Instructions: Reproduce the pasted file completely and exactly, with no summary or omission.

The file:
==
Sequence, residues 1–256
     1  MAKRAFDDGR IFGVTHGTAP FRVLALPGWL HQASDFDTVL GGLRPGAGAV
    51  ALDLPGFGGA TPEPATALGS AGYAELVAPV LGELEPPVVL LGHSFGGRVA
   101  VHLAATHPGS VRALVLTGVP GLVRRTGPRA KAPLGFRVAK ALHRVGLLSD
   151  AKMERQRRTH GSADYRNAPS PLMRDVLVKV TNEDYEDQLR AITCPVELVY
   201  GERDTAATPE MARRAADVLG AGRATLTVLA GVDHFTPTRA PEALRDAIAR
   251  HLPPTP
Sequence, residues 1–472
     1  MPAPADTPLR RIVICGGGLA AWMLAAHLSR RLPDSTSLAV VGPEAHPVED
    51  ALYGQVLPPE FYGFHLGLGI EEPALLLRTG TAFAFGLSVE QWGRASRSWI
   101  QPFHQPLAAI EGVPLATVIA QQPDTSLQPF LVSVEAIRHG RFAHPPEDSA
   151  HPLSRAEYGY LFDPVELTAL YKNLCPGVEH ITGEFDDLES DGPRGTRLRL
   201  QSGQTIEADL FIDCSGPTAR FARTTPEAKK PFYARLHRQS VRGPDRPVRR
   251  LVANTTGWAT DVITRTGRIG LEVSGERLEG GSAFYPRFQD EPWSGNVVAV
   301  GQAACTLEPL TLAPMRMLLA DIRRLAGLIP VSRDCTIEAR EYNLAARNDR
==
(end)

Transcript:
Sequence, residues 1–256
     1  MAKRAFDDGR IFGVTHGTAP FRVLALPGWL HQASDFDTVL GGLRPGAGAV
    51  ALDLPGFGGA TPEPATALGS AGYAELVAPV LGELEPPVVL LGHSFGGRVA
   101  VHLAATHPGS VRALVLTGVP GLVRRTGPRA KAPLGFRVAK ALHRVGLLSD
   151  AKMERQRRTH GSADYRNAPS PLMRDVLVKV TNEDYEDQLR AITCPVELVY
   201  GERDTAATPE MARRAADVLG AGRATLTVLA GVDHFTPTRA PEALRDAIAR
   251  HLPPTP
Sequence, residues 1–472
     1  MPAPADTPLR RIVICGGGLA AWMLAAHLSR RLPDSTSLAV VGPEAHPVED
    51  ALYGQVLPPE FYGFHLGLGI EEPALLLRTG TAFAFGLSVE QWGRASRSWI
   101  QPFHQPLAAI EGVPLATVIA QQPDTSLQPF LVSVEAIRHG RFAHPPEDSA
   151  HPLSRAEYGY LFDPVELTAL YKNLCPGVEH ITGEFDDLES DGPRGTRLRL
   201  QSGQTIEADL FIDCSGPTAR FARTTPEAKK PFYARLHRQS VRGPDRPVRR
   251  LVANTTGWAT DVITRTGRIG LEVSGERLEG GSAFYPRFQD EPWSGNVVAV
   301  GQAACTLEPL TLAPMRMLLA DIRRLAGLIP VSRDCTIEAR EYNLAARNDR